Rogation processions, whether ancient or modern, formal or just a ramble, have the wonderful potential to remind us that God cares about the place where we are and that he is at work in the place where we are. Perhaps our local walks and cycle rides this week could be moments when we pray for our own locality, and those who live and work in it.
Prayer of the week
Remember, Lord, your mercy and loving-kindness towards us.
Bless this good earth, and make it fruitful.
Bless our labour, and give us all things needful for our daily lives.
Bless the homes of this parish and all who live within them.
Bless our common life and our care for our neighbour.
Hear us, good Lord.

From the litany for Rogationtide processions, Common Worship, The Church of England.
The Rogation Days (Monday to Wednesday of this week) lead up to Ascension Day, the day when the Church remembers Jesus’ Ascension into heaven. It’s a day which reminds us that our faith is both heavenly and earthly. It’s very much about the here and now, but we're also promised that there's more to life than meets the eye, that what we see is not necessarily all we get! Jesus ascends into heaven, with a body that bears the scars of his earthly suffering, taking with him  all our earthly, physical joys and sorrows. God made the material world, and delights in it; earthly existence isn't a second best, something to be shed gratefully at death, but something to be enjoyed, honoured and treasured.
The story is wonderfully illustrated in the stained glass window in our own Lady Chapel at Seal.
Margaret Blackburn R.I.P
Just as I was about to send this email I heard that Margaret Blackburn, the wife of the previous vicar here at Seal, had died after a long illness (not coronavirus related). Many will remember Margaret with fondness, I know, and we hold the whole family in our prayers as they mourn her loss at this very difficult time.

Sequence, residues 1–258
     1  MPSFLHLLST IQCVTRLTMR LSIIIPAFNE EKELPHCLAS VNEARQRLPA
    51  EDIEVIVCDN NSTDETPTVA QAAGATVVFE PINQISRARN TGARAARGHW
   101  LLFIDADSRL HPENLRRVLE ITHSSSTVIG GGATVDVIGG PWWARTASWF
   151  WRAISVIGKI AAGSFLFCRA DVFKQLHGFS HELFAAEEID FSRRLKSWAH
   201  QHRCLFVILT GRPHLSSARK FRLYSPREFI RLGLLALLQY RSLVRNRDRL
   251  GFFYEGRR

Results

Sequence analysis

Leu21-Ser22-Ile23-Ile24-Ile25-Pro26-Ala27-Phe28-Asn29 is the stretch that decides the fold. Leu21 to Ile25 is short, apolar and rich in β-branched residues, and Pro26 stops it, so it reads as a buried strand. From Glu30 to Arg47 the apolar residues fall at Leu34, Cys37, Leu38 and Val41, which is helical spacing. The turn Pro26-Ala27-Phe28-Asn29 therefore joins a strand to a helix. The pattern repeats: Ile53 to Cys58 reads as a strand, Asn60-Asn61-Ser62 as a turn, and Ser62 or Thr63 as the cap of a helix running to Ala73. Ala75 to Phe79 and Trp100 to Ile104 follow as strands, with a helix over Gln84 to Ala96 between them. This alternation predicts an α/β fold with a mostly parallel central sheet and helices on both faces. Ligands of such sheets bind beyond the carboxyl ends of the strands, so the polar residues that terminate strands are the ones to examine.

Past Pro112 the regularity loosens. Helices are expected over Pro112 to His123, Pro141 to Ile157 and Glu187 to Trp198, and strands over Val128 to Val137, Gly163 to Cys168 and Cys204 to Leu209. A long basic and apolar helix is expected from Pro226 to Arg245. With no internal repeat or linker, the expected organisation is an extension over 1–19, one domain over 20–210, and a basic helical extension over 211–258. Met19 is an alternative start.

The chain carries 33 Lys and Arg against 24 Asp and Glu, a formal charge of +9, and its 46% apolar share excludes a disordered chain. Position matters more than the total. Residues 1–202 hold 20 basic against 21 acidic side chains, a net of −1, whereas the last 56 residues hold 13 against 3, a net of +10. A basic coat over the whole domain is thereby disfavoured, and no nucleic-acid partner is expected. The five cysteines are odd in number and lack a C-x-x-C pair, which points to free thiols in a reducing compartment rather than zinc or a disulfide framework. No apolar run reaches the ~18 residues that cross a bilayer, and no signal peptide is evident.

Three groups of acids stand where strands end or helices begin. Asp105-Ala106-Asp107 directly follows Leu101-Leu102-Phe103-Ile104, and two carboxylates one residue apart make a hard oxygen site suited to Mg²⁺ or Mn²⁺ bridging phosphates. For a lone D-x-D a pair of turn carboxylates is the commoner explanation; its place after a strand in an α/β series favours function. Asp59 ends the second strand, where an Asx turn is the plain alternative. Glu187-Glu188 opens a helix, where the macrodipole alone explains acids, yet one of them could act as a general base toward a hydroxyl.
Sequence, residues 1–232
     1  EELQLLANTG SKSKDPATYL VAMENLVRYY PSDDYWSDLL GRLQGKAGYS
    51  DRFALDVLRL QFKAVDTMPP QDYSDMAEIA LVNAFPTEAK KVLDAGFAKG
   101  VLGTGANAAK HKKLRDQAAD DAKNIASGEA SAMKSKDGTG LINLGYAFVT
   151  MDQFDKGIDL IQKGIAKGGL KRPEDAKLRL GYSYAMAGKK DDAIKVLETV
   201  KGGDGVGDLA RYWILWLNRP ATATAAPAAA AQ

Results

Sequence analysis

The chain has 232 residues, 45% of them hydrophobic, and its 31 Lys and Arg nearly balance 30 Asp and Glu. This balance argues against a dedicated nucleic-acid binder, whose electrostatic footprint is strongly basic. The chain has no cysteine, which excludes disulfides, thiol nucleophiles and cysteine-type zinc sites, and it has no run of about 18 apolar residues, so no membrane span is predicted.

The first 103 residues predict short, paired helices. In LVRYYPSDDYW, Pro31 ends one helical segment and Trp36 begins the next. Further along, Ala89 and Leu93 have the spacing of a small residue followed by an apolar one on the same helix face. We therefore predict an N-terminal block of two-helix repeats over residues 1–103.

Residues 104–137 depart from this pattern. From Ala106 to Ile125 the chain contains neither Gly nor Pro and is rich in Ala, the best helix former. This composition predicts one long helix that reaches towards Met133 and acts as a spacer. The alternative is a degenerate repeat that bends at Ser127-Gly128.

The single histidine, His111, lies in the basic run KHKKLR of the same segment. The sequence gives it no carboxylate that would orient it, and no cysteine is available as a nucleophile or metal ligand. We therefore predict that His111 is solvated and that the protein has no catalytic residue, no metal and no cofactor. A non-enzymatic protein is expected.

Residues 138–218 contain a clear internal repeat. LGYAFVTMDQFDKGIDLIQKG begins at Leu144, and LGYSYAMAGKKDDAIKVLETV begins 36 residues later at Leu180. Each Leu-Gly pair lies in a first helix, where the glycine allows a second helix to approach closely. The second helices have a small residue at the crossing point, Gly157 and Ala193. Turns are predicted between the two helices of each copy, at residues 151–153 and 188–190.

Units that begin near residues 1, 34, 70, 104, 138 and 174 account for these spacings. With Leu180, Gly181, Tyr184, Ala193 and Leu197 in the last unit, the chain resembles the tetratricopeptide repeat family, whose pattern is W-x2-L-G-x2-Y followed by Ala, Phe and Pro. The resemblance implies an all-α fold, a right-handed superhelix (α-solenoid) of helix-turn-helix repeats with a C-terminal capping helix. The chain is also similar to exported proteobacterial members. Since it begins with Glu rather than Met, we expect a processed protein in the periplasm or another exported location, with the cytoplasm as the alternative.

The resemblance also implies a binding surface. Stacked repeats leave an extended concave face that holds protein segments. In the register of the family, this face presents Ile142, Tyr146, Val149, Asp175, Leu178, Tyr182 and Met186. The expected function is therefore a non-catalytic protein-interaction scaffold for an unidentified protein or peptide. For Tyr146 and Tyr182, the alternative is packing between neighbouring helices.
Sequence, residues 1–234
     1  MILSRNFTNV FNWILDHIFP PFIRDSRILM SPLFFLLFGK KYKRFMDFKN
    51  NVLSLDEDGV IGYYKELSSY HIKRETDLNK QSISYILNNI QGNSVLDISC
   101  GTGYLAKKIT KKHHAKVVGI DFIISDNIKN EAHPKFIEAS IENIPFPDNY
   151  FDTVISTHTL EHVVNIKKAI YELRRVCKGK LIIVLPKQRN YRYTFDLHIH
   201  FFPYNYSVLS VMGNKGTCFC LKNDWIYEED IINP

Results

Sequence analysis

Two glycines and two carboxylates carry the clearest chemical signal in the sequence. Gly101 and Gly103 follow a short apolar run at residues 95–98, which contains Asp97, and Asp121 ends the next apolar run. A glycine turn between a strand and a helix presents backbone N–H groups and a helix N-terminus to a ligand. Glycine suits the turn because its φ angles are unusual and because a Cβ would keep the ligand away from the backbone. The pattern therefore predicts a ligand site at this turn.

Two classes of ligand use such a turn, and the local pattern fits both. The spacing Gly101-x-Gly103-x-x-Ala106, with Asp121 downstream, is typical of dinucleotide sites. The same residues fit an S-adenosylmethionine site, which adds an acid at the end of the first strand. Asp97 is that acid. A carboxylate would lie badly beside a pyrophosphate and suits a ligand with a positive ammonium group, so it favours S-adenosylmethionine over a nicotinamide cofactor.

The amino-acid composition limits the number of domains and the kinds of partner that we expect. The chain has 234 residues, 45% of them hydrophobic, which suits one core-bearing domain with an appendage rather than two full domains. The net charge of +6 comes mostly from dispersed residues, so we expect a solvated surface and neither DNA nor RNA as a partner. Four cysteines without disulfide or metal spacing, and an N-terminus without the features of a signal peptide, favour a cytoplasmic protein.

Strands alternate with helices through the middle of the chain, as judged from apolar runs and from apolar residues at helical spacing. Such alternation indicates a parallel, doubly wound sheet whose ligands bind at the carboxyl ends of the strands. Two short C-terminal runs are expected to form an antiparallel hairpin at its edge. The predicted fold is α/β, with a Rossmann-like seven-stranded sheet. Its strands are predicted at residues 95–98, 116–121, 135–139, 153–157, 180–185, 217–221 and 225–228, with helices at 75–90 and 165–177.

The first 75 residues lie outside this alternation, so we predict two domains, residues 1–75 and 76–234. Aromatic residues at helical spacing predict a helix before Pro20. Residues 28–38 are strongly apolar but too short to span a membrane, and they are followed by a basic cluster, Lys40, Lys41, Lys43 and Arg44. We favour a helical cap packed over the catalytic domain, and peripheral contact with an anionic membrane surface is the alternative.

Philip is organising the first of our Zoom singing sessions for the choir, and anyone else who'd like to join in, on Wednesday evening at 7.30pm this week. We can’t all sing together because of the time delay, so everyone except Philip and I will be muted,  but people can all sing along at home – a great way to join in if you are shy about anyone else hearing you!   Email Philip ( for the link if you don’t usually sing with the choir – anyone can join in. We will be concentrating on singing some well known and loved hymns.

Children’s Choir will meet by Zoom again on Wed at 5pm – we had a great first session last week. Email me ( for the link. Again, anyone is welcome, whether they normally come to Children’s Choir or not.
To get your tonsils in trim if you are planning to join us for our choir zoom (or even if you're not) , why not sing along with this rousing rendition of the traditional Ascension Day hymn,  "Hail the day that sees him rise". Words (below) are by Charles Wesley, to the traditional Welsh tune Llanfair.
1 Hail the day that sees him rise, Alleluia!
to his throne beyond the skies. Alleluia!
Christ, awhile to mortals given, Alleluia!
Reascends His native heaven, Alleluia!

2 There for him high triumph waits; Alleluia!
lift your heads, eternal gates. Alleluia!
He has conquered death and sin; Alleluia!
take the King of glory in. Alleluia!

3 Highest heaven its Lord receives; Alleluia!
yet he loves the earth he leaves. Alleluia!
Though returning to his throne, Alleluia!
still he calls the world his own. Alleluia!

4 See he lifts his hands above; Alleluia!
See he shows the prints of love. Alleluia!
Hark his gracious lips bestow ;Alleluia!